Your Blood Pressure
Home Blood Pressure Monitoring
If you have high blood pressure, it’s a good idea to have a BP (blood pressure) monitor at home. At East Cliff Practice we are encouraging our patients to buy one of these if they don’t already have one.
Over the next few months many treatment reviews will take place over the telephone. This helps to keep our patients and our staff safe during the COVID 19 pandemic. If you have high blood pressure you will need a review each year which will always include a blood pressure check. If your blood pressure is not in a good range we will want to check you more often. This is because having high blood pressure can increase your risk of having a heart attack or stroke.
If you have a BP monitor at home, you can tell us your results, which helps us to see if your treatment is working well for you. It is common to find that BP readings taken at home are lower than BP readings taken in places like hospitals or GP practices.
There are many BP monitors to buy online, or in supermarkets or pharmacies. We have listed a few that are available and are known to work well. We took this information from the British and Irish Hypertension Society:
- Omron M2 Basic Upper Arm BP Monitor. Around £25
- Boots Upper Arm BP Monitor. Around £19.99.
- A and D UA-611 Upper Arm BP Monitor. Around £19.99.
You could also ask your community pharmacist to suggest a good monitor. Unfortunately, if you have an irregular heartbeat, the home monitors might not work very well. Instead, you would need to have your blood pressure checked by a healthcare professional.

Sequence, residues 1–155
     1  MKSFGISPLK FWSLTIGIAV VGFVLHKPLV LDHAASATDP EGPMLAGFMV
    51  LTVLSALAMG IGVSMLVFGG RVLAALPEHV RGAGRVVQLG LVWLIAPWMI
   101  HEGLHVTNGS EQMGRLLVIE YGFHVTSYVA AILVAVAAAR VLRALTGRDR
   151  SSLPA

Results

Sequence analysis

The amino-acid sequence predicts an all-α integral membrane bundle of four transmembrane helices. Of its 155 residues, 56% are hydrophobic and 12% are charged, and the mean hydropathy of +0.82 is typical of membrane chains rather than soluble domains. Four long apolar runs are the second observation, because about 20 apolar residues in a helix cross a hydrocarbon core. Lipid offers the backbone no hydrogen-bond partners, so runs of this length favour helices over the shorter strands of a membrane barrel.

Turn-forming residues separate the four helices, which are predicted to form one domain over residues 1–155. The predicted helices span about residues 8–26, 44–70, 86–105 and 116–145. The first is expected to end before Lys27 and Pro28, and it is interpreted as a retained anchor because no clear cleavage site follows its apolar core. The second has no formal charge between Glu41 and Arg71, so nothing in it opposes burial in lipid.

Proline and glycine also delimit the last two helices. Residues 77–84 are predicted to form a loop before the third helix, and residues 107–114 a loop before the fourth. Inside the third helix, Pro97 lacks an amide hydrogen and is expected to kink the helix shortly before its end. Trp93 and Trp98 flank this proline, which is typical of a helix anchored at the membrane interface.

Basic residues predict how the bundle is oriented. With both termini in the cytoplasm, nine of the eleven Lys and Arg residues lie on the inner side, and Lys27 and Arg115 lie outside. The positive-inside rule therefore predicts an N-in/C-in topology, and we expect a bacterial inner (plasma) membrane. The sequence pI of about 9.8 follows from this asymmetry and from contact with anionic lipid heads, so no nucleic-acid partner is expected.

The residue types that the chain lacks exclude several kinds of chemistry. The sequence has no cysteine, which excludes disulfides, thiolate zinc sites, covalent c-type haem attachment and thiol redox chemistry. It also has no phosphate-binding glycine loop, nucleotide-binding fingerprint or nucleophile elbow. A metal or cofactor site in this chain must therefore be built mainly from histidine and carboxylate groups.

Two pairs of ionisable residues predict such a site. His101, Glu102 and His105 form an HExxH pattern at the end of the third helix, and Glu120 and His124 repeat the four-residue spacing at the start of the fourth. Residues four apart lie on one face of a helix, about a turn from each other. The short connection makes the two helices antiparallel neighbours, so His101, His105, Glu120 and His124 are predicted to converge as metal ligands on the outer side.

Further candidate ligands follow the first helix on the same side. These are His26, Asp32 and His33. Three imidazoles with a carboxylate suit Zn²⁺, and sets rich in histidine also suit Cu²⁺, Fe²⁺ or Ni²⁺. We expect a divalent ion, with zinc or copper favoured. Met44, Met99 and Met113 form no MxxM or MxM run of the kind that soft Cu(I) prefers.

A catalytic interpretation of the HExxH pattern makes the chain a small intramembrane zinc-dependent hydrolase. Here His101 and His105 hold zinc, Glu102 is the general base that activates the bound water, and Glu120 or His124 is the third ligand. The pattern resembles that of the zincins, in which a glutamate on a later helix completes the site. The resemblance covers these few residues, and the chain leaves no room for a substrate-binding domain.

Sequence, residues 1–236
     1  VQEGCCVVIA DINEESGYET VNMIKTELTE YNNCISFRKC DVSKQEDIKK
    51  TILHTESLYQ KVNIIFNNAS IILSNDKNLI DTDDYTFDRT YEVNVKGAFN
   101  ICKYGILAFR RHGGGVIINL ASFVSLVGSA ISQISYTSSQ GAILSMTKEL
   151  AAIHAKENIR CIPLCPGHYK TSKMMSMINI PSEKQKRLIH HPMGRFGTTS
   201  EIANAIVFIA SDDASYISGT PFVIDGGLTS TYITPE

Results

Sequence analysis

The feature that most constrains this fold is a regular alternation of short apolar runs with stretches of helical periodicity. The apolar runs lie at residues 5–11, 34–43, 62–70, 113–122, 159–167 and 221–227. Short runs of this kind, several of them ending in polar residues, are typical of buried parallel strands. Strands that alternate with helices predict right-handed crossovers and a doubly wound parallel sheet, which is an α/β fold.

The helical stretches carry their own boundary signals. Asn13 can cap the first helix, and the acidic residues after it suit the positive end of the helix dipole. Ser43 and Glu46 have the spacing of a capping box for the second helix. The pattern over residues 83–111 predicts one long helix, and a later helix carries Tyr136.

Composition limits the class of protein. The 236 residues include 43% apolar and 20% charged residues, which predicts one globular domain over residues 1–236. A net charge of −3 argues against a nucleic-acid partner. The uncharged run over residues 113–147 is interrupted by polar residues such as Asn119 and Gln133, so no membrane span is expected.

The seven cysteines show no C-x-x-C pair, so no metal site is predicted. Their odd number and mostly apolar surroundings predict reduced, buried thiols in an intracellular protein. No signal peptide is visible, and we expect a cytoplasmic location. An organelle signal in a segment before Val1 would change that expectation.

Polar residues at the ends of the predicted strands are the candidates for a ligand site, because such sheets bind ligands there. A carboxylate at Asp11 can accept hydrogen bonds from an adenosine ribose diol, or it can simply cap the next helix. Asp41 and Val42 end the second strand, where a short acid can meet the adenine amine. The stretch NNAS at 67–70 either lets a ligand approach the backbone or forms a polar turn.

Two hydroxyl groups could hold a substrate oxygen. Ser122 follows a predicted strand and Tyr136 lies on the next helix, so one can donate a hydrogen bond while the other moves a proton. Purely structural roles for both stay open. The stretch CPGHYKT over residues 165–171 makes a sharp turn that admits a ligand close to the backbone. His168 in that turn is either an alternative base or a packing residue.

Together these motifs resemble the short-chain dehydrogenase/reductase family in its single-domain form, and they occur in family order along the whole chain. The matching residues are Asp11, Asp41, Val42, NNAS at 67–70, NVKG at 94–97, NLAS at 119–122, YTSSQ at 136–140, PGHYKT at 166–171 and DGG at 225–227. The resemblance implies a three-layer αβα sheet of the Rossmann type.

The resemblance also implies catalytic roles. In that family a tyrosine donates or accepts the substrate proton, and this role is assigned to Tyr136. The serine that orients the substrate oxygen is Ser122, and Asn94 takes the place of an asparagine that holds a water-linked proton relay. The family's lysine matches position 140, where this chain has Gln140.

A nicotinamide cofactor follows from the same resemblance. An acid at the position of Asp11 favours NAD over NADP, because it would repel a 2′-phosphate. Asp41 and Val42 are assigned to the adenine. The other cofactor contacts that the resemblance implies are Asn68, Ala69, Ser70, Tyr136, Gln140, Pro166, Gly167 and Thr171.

How to check your blood pressure at home:
- Take your blood pressure only when you are resting and feeling relaxed.
- Sit upright in a chair with your legs uncrossed and your feet flat on the floor.
- Your arm should be rested on a table ideally.
- Put the cuff on your upper arm, with the tube leading down the centre of the arm. You will be able to see a picture of this in the manual. Make sure it fits well, snug to the arm with space to slide two fingertips underneath. Most monitors come with a medium sized cuff, and you might need to buy a separate cuff if it doesn’t fit.
- Press the start button and continue to relax, without talking. The cuff will inflate and it might feel tight for a few moments. It will then deflate. If it feels too uncomfortable just press the stop button so it deflates quickly.
- The monitor will show your reading. Take a note of your blood pressure reading and your pulse rate too.
- It is best to check your blood pressure three times in a row and keep a record of the lowest reading. Use a diary for this so it is easy to keep track of. Alternatively, some BP monitors have “memory” and can store a few of your results for you.
Your GP may ask you to send in one most recent BP reading. Or your GP might ask you for a set of BP readings, to get an even better guide to your blood pressure. To do this it is best to note down your BP in the morning and evening for 3-4 days.
If you have been asked to send us your blood pressure, you can send it using our secure Blood Pressure form. Please include your name, address and date of birth in the email. We will check your readings and get in touch with you if we need to review your medication. This will likely be 1-2 weeks after receiving your BP readings.